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Satanists’ Prayer Stunt Isn’t About Free Speech. It’s About Silencing Christians

The Supreme Court’s ruling in the Boston flag case does not support the Satanic Temple’s free speech claim, and here’s why.


The Satanic Temple, an organization that uses religious trappings for the purpose of undermining constitutionally protected freedoms, sued the city of Boston last year, seeking to force it to allow the temple to lead a “prayer” before a city council meeting. The district court dismissed some of the temple’s claims, including that prayers before the council constitute private protected speech.

But after the U.S. Supreme Court this year found that excluding a Christian flag from a Boston city-owned flagpole violated the First Amendment free speech rights of the group that wanted to fly the flag, the Satanic Temple asked the district court to reconsider its earlier decision, asserting the Supreme Court’s ruling supports the temple’s free speech claim. But does it really?

No, it does not.

That legislative prayer constitutes government speech is settled law. The Satanic Temple’s focus on a single prong of a multiprong test is clearly wrong. Further, the temple’s alleged “prayers” are inconsistent with the recognized purpose of legislative prayer.

Legislative prayer offered at public meetings is government speech. The Supreme Court determined years ago that prayers opening government meetings are an act of the government. Justice Sandra Day O’Connor analyzed and rejected the idea that prayers opening a council meeting constitute private speech, noting there was not “a single case in which a legislative prayer was treated as individual or private expression.”

Despite this settled law, the Satanic Temple argues that these prayers are private speech because they are not spoken under the “active control” of the legislature. They argue this because the Supreme Court, in the Boston flag case, identified the level of government control as one prong used to distinguish government from private speech. But, alas, the Satanic Temple’s “eureka” moment fails.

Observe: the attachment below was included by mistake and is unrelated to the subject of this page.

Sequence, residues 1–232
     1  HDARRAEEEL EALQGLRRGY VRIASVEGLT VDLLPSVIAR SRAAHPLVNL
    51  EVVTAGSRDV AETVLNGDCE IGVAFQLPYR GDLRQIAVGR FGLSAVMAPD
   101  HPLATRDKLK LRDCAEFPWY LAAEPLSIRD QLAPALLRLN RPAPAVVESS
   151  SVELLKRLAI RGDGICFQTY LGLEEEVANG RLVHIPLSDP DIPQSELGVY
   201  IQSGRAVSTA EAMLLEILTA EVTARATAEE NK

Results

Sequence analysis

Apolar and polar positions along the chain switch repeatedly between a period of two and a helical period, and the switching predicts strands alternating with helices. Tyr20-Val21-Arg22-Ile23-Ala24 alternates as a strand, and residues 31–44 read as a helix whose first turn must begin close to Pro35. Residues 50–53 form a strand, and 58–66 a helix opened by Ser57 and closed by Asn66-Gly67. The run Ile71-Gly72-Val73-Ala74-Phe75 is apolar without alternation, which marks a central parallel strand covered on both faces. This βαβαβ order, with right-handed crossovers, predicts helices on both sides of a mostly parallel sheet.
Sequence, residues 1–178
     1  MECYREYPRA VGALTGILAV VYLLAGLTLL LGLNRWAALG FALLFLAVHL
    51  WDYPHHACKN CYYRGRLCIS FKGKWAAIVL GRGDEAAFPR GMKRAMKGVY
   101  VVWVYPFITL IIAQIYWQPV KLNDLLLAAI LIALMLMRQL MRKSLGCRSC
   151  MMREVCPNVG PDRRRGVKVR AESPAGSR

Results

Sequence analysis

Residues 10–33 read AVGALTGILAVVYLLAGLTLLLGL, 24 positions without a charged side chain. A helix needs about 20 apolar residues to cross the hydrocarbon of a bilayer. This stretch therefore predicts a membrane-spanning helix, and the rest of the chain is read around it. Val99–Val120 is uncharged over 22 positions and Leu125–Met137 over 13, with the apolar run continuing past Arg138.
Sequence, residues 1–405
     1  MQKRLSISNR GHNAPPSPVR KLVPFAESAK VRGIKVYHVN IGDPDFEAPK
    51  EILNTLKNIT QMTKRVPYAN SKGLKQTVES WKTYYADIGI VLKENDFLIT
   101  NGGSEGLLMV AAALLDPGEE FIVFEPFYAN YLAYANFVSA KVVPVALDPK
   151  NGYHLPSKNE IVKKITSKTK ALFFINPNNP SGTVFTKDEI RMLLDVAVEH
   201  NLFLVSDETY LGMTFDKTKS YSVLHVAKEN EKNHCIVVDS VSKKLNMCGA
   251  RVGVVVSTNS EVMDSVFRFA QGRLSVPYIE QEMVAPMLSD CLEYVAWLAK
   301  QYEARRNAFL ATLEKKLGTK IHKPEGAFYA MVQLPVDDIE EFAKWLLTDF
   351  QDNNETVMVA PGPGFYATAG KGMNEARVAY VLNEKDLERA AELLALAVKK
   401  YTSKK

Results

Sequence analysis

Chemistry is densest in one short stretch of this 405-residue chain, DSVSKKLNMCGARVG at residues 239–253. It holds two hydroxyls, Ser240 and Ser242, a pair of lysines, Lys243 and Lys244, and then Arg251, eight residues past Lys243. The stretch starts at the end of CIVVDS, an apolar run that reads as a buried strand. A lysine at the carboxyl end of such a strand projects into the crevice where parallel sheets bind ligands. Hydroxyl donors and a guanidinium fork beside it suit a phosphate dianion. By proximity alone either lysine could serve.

In the flag case, Boston deemed the flagpole a public forum for private speech and encouraged private flags to fly. Nothing unconstitutional there. In contrast, with legislative prayers, the Supreme Court has held that the Constitution prohibits the government from scripting them and requires the government to impose editorial limits. Government cannot permit prayer practices that “denigrate nonbelievers or religious minorities, threaten damnation, or preach conversion,” nor must a city council be subjected to a “political harangue” under the guise of “supposed prayer.”

Atheists Do Not Appeal to the Divine

Nearly 40 years ago, the Supreme Court stated the obvious: The purpose of legislative prayer is to “invoke Divine guidance” on deliberations of a public body. Since then, courts have upheld rules in Congress and state houses that exclude atheists from opening prayer ceremonies because atheists will not appeal to the Divine and thus cannot further the purpose of legislative prayer.

Legislative prayer is not simply words of encouragement and aspirations, philosophical platitudes, or a free-for-all. Rather, it appeals to a higher power for wisdom and favor. The Satanic Temple identifies itself as “resolutely non-theistic,” rejecting the supernatural. The tenets of the Satanic Temple reject the very existence of a Divine spiritual being; they cannot further the purpose of legislative prayer. Nor does the temple believe in Satan. It claims it “fights for securalism.”

Silencing People of Faith

At bottom, we are where we began: The Satanic Temple is using legislative prayer to advance its political agenda — to end legislative prayer in Boston. The temple uses the trappings of a “religious group” — complete with meetings, rituals, and iconography — to make politically unacceptable demands to silence people of faith. They demand that communities that allow Christians equal access to public spaces let the Satanists openly pose as equal people of faith, or else exclude the Christians.

The temple’s website states that it “engages directly in politically charged campaigns” where public religious displays are found. Where “evangelicals have . . . Bible-based after school clubs, the Satanic Temple has offered . . . AFTER SCHOOL SATAN CLUBS” (capitalization theirs), an effort ostensibly designed to cancel the Christian clubs. And it established a “Religious Reproductive Rights” campaign with the specific aim of tearing down state pro-life laws it apparently assumes are all rooted in nothing but religion. Demanding the podium to deliver a “Satanic message” as a supposed legislative prayer is just one more stunt consistent with the Satanic Temple’s avowed objectives.

In truth, these particular Satanists would rather silence legitimate prayer than deliver their own message. They can try, but the Supreme Court’s decision allowing Boston to fly a Christian flag cannot help them.

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